Pope Francis on Corpus Christi: Let Jesus Christ, ‘Living in the Eucharist,’ Fill You With His Presence
Jesus Christ’s self-giving presence is key to understanding the Eucharist, the Holy Father said.
The Solemnity of Corpus Christi is a time for Christians to remember that God will meet their basic needs to eat and to be filled with the joy and amazement of receiving loving nourishment from Jesus Christ, Pope Francis said Sunday.
At the same time, the Pope emphasized, the Eucharist must also move Christians to action.
“We can evaluate our Eucharistic adoration when we take care of our neighbor like Jesus does,” the Pope said Sunday before the recitation of the Angelus at St. Peter’s Square in Rome.
“There is hunger for food around us, but also for companionship; there is hunger for consolation, friendship, good humor; there is hunger for attention; there is hunger to be evangelized. We find this in the Eucharistic Bread: the attention of Christ to our needs and the invitation to do the same toward those who are beside us. We need to eat and feed others.”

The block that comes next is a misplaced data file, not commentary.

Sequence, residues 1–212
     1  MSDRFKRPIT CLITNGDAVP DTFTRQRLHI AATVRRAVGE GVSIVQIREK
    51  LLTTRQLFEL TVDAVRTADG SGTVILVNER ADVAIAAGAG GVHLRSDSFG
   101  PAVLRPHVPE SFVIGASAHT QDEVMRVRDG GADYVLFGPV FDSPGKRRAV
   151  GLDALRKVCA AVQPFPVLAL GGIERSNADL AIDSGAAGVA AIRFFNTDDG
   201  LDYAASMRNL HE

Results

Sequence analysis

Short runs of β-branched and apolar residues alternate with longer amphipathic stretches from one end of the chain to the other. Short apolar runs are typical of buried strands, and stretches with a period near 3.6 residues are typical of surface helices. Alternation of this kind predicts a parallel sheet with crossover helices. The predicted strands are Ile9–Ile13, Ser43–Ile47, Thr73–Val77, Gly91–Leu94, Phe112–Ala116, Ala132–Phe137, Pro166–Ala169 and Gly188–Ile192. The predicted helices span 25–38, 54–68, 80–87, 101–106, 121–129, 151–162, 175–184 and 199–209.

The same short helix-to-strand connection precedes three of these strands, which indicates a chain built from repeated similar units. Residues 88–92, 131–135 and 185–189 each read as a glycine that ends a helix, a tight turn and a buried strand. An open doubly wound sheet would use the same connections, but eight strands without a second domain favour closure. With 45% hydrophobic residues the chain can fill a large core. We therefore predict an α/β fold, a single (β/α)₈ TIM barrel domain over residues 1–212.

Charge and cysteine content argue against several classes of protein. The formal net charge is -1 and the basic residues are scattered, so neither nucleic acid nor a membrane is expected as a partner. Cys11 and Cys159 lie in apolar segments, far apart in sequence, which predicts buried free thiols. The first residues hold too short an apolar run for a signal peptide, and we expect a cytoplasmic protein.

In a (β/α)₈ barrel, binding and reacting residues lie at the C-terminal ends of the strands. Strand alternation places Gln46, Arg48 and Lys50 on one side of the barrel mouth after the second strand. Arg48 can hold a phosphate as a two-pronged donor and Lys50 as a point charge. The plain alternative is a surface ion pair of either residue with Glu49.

The Pope’s remarks reflected on Sunday’s Gospel reading, the Miracle of the Multiplication of the Loaves and Fishes from the Gospel of Luke.
The Pope linked the reading to the Institution of the Eucharist at the Last Supper. The Eucharist was like “the destination of a journey along which Jesus had prefigured through several signs, above all the Multiplication of the Loaves narrated in the Gospel of today’s liturgy."
The Pontiff reflected on the manner of the miracle when Jesus fed so many who lacked food.
“The Miracle of the Loaves and Fishes does not happen in a spectacular way, but almost secretly, like the wedding at Cana — the bread increases as it passes from hand to hand. And as the crowd eats, they realize that Jesus is taking care of everything,” said Pope Francis.
“This is the Lord present in the Eucharist. He calls us to be citizens of heaven, but at the same time he takes into account the journey we have to face here on earth,” he said. “If I have hardly any bread in my sack, he knows and takes care of it himself.”
The Pope connected the tangible needs of food with the intangible needs of humankind.